Transport Scotland today let us know that from next summer, motorhomes will have a much higher fare increase than all other types of traffic. Whilst general fares are rising by around 2%, the tariff formula applied to Motorhomes will be adjusted, resulting in increases for Motorhomes of around 50-70%.
The increasing number of Motorhomes on our ferries has been a source of many complaints, due to the large amount of deck space they take up. The inequity of subsidising independent motorhome travel to the islands with Road Equivalent Tariff, whilst at the same time excluding all commercial traffic from RET is difficult to defend.
We have not been given the precise fares for any Mull routes yet, but the below is an approximation based on figures we have seen for Arran. [[UPDATE – we have now been given the new fares, and the estimates below are very close]]
Even after this rise, a 10 metre truck delivering food, building materials or anything else to the islands will still cost more than three times the same length of motorhome. One of the major drivers of the rising island cost of living are ferry fares for delivery vehicles. It would seem to be imbalanced use of government money to subsidise the travel of motorhomes to the islands, but not food deliveries.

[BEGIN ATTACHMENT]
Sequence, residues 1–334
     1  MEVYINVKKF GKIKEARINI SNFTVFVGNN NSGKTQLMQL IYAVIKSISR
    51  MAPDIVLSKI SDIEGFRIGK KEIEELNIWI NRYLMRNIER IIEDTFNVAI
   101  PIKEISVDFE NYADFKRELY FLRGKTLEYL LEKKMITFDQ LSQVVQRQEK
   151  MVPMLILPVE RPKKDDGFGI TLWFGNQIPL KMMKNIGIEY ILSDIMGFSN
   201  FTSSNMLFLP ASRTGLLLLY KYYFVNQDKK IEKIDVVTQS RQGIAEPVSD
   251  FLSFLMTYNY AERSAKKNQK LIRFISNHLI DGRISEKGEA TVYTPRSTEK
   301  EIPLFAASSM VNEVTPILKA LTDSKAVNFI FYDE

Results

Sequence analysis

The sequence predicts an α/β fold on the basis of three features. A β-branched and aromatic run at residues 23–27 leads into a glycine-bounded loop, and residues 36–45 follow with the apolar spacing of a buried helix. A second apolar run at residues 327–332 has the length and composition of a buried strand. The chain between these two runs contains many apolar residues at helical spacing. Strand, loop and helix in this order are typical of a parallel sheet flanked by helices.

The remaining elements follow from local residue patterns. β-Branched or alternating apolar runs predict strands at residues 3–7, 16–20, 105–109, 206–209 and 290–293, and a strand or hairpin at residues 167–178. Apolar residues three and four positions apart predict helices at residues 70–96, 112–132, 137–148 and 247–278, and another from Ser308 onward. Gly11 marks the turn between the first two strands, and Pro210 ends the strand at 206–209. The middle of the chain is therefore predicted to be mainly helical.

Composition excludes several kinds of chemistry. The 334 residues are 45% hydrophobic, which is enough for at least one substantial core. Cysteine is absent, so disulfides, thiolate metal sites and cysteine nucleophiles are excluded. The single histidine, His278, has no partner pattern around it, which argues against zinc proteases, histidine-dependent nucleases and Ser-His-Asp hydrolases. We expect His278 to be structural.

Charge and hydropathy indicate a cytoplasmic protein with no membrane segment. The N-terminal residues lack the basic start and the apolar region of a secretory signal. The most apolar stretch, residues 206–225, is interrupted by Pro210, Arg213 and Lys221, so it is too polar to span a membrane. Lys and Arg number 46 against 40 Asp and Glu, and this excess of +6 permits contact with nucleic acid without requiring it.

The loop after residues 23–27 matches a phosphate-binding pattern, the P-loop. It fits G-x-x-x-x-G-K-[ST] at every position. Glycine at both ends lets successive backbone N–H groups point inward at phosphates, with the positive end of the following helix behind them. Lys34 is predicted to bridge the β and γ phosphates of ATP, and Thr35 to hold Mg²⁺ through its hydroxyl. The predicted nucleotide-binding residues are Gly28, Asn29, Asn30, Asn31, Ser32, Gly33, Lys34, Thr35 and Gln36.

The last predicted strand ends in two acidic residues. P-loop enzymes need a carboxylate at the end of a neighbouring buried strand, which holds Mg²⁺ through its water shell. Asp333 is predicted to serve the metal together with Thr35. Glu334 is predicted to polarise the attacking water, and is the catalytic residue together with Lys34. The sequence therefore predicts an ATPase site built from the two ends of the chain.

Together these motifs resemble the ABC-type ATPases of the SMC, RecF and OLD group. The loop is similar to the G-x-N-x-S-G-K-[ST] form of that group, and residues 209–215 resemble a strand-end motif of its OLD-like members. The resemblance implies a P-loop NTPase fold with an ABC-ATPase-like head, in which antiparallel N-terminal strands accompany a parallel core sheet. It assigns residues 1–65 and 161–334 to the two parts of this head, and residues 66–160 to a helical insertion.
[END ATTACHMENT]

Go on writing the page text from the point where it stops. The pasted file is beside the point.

This move to partially redress the imbalance between motorhome and commercial vehicle fares is welcome, but more needs to be done. A commercial fares review was announced many years ago, but never concluded. Commercial fares need to come down. Transport Scotland say this adjustment to motorhome fares is an interim measure, and a wider fares review is underway.
Motorhomes are welcome, but the first job of the ferry service is to provide a lifeline service to those who live on the island. The current system of fares and booking is simply not leaving enough of that scarce resource – car deck space – available for islanders who rely on CalMac ferries to provide a lifeline.
The number of motorhomes coming to Mull is increasing – the numbers travelling in and out of Craignure has gone up from 1650 in 2015 to 7,500 this summer. But they still represent a small proportion of traffic and by no means are their growing numbers the only cause of the crisis of capacity in the network.